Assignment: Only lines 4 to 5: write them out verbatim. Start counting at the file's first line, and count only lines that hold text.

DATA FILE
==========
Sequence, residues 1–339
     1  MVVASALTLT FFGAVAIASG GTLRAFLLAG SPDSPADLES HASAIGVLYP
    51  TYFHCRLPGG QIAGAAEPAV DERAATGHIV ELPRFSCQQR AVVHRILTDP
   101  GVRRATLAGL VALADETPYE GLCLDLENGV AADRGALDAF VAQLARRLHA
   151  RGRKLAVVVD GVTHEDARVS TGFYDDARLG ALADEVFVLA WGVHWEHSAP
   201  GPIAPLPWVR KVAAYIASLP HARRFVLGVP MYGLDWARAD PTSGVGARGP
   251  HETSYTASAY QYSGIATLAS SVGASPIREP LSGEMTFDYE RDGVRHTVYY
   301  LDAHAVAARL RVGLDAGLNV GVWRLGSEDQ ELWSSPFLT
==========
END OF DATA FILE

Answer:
   101  GVRRATLAGL VALADETPYE GLCLDLENGV AADRGALDAF VAQLARRLHA
   151  RGRKLAVVVD GVTHEDARVS TGFYDDARLG ALADEVFVLA WGVHWEHSAP